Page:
They drew a circle that shut me out, Heretic, rebel, a thing to flout. But love and I had the wit to win. We drew a circle that took them in. 8 

That bit of verse (adapted from "Outwitted" by Edwin Markham) was the key to Rittenberg's survival. "My God," he thought to himself, "there's my strategy. There's my program." Evidence of the power of Rittenberg's ability to adapt and survive is Rittenberg Associates, the consulting firm that he founded and continues to run, which helps American companies do business with the Chinese. As his example so vividly reminds us, bitterness is maladaptive.

Optimism is an element of what health psychologists term hardiness, a rubric for the cluster of qualities that equip people for serial success. Tenacity and self-confidence are others. But leaders share less obvious assets as well. As Saul Bellow says of the character very like himself in his novel Ravelstein, they are all "first-class noticers." Being a first-class noticer allows you to recognize talent, identify opportunities, and avoid pitfalls. Leaders who succeed again and again are geniuses at grasping context. This is one of those characteristics, like taste, that is difficult to break down into its component parts. But the ability to weigh a welter of factors, some as subtle as how very different groups of people will interpret a gesture, is one of the hallmarks of a true leader.

Leaders who succeed again and again are geniuses at noticing context.
— Warren G. Bennis and Robert J. Thomas

One of the best ways to define good leadership is to study bad leaders. Although we explore this approach at length in chapter 5, a single instance is instructive here: Shakespeare's tragic Roman general Coriolanus. A great warrior, a man with a strong moral compass, Coriolanus has only one flaw—his utter inability to reach out to the people of Rome and engage them in his vision. Rereading the play in the context of leadership, we couldn't help thinking of Coriolanus's mother, Volumnia, as the ancient Roman equivalent of an executive coach saddled with a particularly thickheaded client. Talk to the people, she encourages her son again and again. But Coriolanus doesn't get it. He fails to grasp the expectations of the people or how they will respond to his aloofness. He is convinced that reaching out to the populace would be a form of pandering, that it would require him to sacrifice his integrity.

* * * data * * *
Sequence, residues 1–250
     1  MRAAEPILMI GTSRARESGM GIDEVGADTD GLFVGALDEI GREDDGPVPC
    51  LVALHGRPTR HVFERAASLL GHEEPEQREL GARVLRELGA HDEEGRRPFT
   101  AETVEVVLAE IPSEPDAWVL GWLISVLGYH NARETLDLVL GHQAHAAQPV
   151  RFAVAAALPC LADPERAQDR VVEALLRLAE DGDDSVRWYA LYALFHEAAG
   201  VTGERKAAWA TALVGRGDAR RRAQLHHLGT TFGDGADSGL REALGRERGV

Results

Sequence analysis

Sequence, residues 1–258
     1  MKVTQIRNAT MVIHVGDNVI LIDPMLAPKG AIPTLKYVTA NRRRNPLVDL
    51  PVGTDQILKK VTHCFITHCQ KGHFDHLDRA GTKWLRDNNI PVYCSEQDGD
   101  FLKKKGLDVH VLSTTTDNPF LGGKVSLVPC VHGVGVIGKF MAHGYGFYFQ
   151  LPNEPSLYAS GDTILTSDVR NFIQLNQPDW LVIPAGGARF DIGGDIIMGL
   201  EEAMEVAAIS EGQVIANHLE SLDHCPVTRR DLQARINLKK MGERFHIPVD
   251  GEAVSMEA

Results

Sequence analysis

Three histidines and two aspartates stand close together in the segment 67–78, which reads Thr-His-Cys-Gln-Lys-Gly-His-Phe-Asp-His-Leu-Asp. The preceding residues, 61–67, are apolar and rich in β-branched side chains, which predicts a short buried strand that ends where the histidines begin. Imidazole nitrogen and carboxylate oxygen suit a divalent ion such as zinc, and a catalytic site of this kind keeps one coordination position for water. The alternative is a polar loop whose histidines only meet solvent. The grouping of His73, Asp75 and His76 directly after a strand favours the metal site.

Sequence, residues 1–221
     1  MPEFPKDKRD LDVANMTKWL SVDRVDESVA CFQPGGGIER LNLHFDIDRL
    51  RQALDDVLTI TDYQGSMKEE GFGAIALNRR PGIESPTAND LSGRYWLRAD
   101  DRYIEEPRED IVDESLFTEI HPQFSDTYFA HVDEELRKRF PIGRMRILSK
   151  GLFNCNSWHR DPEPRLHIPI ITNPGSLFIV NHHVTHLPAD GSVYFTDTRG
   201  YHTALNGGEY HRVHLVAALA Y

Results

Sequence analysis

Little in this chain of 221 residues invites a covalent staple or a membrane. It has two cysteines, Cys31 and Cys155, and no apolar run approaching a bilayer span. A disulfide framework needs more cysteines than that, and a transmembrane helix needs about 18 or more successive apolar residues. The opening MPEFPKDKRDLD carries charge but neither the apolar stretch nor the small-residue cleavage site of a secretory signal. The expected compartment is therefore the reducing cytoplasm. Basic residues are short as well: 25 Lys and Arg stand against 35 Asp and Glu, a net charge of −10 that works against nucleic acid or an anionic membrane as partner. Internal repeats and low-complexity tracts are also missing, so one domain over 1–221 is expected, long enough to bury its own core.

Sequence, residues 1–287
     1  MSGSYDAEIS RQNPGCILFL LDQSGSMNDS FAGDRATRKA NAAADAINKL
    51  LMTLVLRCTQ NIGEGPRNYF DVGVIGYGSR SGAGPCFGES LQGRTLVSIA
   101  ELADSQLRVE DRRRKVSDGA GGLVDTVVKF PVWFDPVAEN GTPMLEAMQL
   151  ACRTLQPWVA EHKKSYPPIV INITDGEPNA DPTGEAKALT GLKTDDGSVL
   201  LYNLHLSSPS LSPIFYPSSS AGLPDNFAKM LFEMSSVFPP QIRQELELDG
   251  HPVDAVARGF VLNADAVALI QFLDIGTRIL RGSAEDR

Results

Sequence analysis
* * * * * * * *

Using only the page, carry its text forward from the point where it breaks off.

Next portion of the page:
Finally, before we conclude this overview of our leadership model, we need to say something more about one of the most exciting ideas to emerge from our research. We discovered that every one of our geezers who continues to play a leadership role has one quality of overriding importance: neoteny. The dictionary defines neoteny, a zoological term, as "the retention of youthful qualities by adults." Neoteny is more than retaining a youthful appearance, although that is often part of it. Neoteny is the retention of all those wonderful qualities that we associate with youth: curiosity, playfulness, eagerness, fearlessness, warmth, energy. Unlike those defeated by time and age, our geezers have remained much like our geeks—open, willing to take risks, hungry for knowledge and experience, courageous, eager to see what the new day brings. Time and loss steal the zest from the unlucky, and leave them looking longingly at the past. Neoteny is a metaphor for the quality—the gift—that keeps the fortunate of whatever age focused on all the marvelous undiscovered things to come. Frank Gehry designs buildings that make architects half his age gasp with envy. Neoteny is what makes him lace up his skates and whirl around the ice rink, while visionary buildings come to life and dance inside his head.

Walt Disney, of all people, did a good job of describing his own neoteny. "People who have worked with me say I am 'innocence in action,' " he wrote. "They say I have the innocence and unselfconsciousness of a child. Maybe I have. I still look at the world with uncontaminated wonder."9 

The capacity for "uncontaminated wonder," ultimately, is what distinguishes the successful from the ordinary, the happily engaged players of whatever era from the chronically disappointed and malcontent. Therein lies a lesson for geeks, geezers, and the sea of people who fall in between.

Excerpted with permission from Geeks & Geezers: How Eras, Values, and Defining Moments Shape Leaders, Harvard Business School Press, 2002.

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Warren G. Bennis is University Professor and Distinguished Professor of Business Administration at Harvard Business School and the founding chairman of The Leadership Institute at the University of Southern California.

Robert J. Thomas is an associate partner and senior fellow with the Accenture Institute for Strategic Change and the author of What Machines Can't Do: Politics and Technology in the Industrial Enterprise.

Five Questions for Robert J. Thomas and Warren Bennis